One Month Later, Red Cross Still Helping Louisiana Residents Recover
Red Cross, partners have served more than 1 million meals and snacks
WASHINGTON, D.C. – September 9, 2016 — One month after devastating and historic floodwaters destroyed entire neighborhoods in Louisiana, thousands of residents are still impacted and the American Red Cross is there, making sure people get the help they need. The unnamed storm, which deluged Louisiana with nearly 7 trillion gallons of rain, is the worst natural disaster to hit the United States since Superstorm Sandy in 2012.
“Imagine yourself without shelter, clean clothes or even a toothbrush. Thousands of people in Louisiana faced just that when floodwaters overtook their homes,” said Gail McGovern, Red Cross President and CEO. “Our disaster volunteers immediately got to work, making sure affected individuals and families had a safe place to stay, food to eat and a shoulder to lean on. One month later, the Red Cross is still helping in Louisiana, thanks to the generous financial donations which have enabled us to provide comfort, support and hope to flood survivors.”
RED CROSS RESPONSE
“One month ago, we launched a massive relief operation across much of Louisiana. We’ve served over a million meals and snacks – enough food for 14 times the number of people who attended the last Super Bowl. We’ve also provided more than 73,000 overnight stays in emergency shelters – and with many shelters still open, we very soon expect to surpass the number of overnight stays we provided during Superstorm Sandy,” reported Brad Kieserman, vice president, Disaster Services Operations and Logistics for the Red Cross. “One month in, a lot of great progress has been made, but this operation isn’t over, and we won’t leave while people in Louisiana still need our help.”
In the last month, more than 4,200 Red Crossers from all 50 states, the District of Columbia and Puerto Rico traveled to Louisiana, where they have worked around the clock to help people affected by the flooding. Over 90 percent of these trained disaster workers are volunteers. As of September 9, the Red Cross and partners have:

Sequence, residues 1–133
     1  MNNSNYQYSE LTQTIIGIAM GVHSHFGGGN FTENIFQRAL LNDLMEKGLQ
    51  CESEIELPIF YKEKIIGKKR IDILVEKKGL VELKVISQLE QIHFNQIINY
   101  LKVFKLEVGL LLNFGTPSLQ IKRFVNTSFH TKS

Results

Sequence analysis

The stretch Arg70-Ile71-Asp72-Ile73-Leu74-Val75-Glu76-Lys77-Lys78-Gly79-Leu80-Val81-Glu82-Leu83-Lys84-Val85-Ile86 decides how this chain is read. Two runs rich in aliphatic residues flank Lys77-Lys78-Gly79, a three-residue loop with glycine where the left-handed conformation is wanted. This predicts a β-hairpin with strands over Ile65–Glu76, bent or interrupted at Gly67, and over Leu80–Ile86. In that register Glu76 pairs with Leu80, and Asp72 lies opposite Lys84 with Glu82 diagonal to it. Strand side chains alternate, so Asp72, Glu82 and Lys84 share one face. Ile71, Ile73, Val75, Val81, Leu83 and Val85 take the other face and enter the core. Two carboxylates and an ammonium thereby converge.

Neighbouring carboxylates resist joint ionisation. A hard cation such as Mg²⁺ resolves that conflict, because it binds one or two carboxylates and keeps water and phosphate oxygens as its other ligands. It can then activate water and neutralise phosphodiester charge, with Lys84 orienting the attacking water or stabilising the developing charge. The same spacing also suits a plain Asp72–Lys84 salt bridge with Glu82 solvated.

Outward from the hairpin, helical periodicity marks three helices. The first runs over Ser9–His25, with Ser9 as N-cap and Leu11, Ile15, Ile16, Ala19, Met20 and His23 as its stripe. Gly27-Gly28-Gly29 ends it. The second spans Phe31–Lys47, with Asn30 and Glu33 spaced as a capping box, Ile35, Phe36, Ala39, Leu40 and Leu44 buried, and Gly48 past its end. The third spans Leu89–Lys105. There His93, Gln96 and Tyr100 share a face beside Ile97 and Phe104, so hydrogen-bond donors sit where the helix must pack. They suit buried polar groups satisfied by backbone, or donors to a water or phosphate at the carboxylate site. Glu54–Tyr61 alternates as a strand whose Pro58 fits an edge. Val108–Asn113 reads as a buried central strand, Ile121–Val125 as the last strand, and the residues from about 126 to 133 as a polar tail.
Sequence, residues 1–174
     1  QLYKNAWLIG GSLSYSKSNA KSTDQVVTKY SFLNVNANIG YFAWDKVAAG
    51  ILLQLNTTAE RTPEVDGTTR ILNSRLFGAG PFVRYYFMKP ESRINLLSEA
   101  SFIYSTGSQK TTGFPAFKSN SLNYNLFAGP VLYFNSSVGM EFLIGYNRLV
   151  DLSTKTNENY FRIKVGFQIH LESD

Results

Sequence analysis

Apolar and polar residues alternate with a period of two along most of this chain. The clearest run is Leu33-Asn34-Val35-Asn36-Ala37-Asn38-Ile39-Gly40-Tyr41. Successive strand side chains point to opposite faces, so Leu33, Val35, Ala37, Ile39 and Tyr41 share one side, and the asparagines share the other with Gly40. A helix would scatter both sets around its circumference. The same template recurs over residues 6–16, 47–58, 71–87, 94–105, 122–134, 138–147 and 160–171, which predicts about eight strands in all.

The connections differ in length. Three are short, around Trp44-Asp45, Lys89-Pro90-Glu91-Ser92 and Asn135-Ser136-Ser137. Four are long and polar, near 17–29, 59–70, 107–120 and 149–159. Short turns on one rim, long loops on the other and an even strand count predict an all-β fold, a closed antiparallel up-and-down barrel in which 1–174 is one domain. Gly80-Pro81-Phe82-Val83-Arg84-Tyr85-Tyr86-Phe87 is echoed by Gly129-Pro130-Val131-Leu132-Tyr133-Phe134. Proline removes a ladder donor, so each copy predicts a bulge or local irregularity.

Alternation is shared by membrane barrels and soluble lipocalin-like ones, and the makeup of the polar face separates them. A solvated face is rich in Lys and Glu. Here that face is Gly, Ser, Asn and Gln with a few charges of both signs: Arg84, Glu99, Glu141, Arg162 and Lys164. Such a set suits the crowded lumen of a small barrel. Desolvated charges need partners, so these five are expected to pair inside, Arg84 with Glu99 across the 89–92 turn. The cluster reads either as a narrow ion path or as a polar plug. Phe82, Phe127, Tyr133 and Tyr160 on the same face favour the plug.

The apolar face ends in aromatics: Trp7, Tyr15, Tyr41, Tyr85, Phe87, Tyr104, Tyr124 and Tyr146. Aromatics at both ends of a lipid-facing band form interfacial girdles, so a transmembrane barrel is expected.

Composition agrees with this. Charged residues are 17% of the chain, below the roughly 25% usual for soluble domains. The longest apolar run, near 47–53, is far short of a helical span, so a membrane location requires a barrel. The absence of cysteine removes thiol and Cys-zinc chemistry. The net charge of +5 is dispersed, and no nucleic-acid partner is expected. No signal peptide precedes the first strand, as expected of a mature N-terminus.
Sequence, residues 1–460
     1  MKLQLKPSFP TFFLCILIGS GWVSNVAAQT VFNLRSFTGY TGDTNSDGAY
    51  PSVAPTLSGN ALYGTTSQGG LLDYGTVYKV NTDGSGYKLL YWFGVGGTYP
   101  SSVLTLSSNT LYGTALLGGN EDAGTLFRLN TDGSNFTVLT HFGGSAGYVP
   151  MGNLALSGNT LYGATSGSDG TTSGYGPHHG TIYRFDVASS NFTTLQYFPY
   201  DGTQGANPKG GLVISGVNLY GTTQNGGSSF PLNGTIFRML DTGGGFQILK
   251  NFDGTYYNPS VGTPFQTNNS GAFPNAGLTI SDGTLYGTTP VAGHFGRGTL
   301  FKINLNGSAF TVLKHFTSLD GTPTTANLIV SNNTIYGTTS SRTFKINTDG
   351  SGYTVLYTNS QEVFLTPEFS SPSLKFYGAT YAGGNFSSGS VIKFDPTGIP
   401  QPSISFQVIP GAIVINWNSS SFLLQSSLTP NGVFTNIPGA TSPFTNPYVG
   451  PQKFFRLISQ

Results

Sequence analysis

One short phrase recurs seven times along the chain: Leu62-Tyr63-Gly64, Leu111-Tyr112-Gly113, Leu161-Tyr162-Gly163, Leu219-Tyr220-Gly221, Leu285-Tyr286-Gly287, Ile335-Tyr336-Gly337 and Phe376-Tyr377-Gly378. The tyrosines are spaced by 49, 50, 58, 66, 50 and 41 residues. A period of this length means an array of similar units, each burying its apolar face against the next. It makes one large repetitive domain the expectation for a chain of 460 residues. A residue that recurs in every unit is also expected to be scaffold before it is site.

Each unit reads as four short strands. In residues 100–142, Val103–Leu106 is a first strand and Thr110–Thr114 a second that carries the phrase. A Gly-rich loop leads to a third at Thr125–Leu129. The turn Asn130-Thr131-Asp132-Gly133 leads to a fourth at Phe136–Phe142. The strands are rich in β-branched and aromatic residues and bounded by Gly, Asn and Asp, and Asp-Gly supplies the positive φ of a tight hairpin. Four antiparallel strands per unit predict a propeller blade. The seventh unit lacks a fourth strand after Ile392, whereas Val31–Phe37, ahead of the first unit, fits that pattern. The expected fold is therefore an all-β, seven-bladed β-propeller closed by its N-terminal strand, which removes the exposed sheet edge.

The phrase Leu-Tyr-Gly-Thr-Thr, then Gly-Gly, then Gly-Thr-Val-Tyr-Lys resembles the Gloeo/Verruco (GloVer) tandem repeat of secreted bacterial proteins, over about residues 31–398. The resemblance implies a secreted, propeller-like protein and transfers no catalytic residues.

CASEWORK AND FINANCIAL ASSISTANCE AVAILABLE
Red Cross workers are connecting people in Louisiana to the critical services and resources they need to recover, including limited financial assistance for those who qualify. Several thousand households have already registered for this help.
People impacted by the flooding are urged to register with FEMA, as there is federal assistance available. For those who do not qualify for this federal disaster assistance, the Red Cross will be able to provide limited financial assistance to ensure that they have access to additional support.
Red Cross assistance is available to those who meet both of the following criteria: (1) they do not qualify for federal disaster assistance; and (2) they have had major damage or their home has been destroyed. If qualified, a family of four will receive $500 (i.e., $125 per person). This assistance can help families begin their recovery by providing funds which can be used for an apartment deposit, clothes or food, or immediate transportation expenses.
People who may be eligible for Red Cross financial assistance should register online at redcross.org/LAfloodassistance or call 855-224-2490. People who are deaf, hard of hearing or require accessible communications may text 571-422-1144.
The massive Red Cross relief effort in Louisiana could cost at least $35 – 40 million, as volunteers remain on the ground to help in the difficult weeks ahead as residents recover from the devastation.
The Red Cross needs the public to join us in supporting Louisiana by making a financial donation today. People can donate by visiting redcross.org, calling 1-800-RED CROSS or texting the word LAFLOODS to 90999 to make a $10 donation. Donations enable the Red Cross to prepare for, respond to and help people recover from these disasters.
About the American Red Cross:
The American Red Cross shelters, feeds and provides emotional support to victims of disasters; supplies about 40 percent of the nation's blood; teaches skills that save lives; provides international humanitarian aid; and supports military members and their families. The Red Cross is a not-for-profit organization that depends on volunteers and the generosity of the American public to perform its mission. For more information, please visit redcross.org or cruzrojaamericana.org, or visit us on Twitter at @RedCross.